Swine flu cases more than known

WHO's Africa office says it will strategically pre-position Tamiflu and protection equipment (Wikipedia)

South Africa has recorded 75 laboratory confirmed H1N1 influenza cases - more commonly known as swine flu - but the executive director of the National Institute for Communicable Diseases (NICD), Prof Barry Schoub, conceded at a Johannesburg media briefing on 13 July that "there are probably many more [cases]".

Dr Frew Benson, of South Africa's National department of Health, said: "The problem in Africa is that the surveillance systems are not as good as in the western world ... there will be more cases," but the vast majority of infections were mild.

So far, all the cases have been detected by private health care services, but most South Africans use the overburdened public health care system for medical treatment.

Gauteng province, the country's economic hub, has recorded 39 infections, most of which occurred at a Johannesburg university squash tournament, but cases of swine flu have been identified in all of the country's nine provinces.

Schoub said the incidence of swine flu was expected to increase with the end of the public school holidays on 20 July, as "all respiratory infections go down during school holidays and go up again when schools start" because children were "reservoirs" for viruses.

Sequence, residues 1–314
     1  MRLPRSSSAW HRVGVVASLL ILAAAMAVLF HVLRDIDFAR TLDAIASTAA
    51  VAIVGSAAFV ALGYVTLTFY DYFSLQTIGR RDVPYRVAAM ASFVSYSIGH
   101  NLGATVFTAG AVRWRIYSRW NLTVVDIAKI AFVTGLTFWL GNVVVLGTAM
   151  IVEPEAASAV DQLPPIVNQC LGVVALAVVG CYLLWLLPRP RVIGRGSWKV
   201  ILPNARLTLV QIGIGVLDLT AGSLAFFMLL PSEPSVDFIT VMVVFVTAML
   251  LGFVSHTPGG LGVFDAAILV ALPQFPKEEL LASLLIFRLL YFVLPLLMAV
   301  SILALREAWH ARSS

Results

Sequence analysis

A total of 193 confirmed swine flu cases have been recorded in 10 African countries, but as yet there have been no fatalities.

Shifting focus

Benson said in South Africa the focus would shift from "counting cases" to strengthening monitoring and surveillance systems, cluster outbreaks, serious cases requiring hospitalization and high-risk communities.

High-risk communities were similar to those classified as at higher risk of common influenza, such as people managing existing conditions like diabetes, emphysema, chronic bronchitis, HIV/AIDS, those aged 65 years or older, and pregnant women.

Dr Lucille Blumberg, head of epidemiology at the NICD, said there had been "no confirmed community transmissions" as yet in South Africa, and no indication that swine flu would have a more severe impact on people living with HIV/AIDS than other influenzas.

Most of the world's people living with HIV/AIDS are in southern Africa.


This article was produced by IRIN News while it was part of the United Nations Office for the Coordination of Humanitarian Affairs. Please send queries on copyright or liability to the UN. For more information: https://shop.un.org/rights-permissions

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